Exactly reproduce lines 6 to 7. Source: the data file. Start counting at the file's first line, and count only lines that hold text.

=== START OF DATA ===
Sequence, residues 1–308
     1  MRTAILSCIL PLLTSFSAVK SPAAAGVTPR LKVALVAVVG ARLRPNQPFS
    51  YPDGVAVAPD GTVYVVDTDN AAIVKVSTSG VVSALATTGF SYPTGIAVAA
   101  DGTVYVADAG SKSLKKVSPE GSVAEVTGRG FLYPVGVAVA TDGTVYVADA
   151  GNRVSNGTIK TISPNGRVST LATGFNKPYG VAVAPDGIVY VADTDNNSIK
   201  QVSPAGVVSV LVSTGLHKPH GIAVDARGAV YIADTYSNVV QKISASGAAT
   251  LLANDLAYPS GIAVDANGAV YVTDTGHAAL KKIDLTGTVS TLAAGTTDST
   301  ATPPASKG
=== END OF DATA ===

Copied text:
   201  QVSPAGVVSV LVSTGLHKPH GIAVDARGAV YIADTYSNVV QKISASGAAT
   251  LLANDLAYPS GIAVDANGAV YVTDTGHAAL KKIDLTGTVS TLAAGTTDST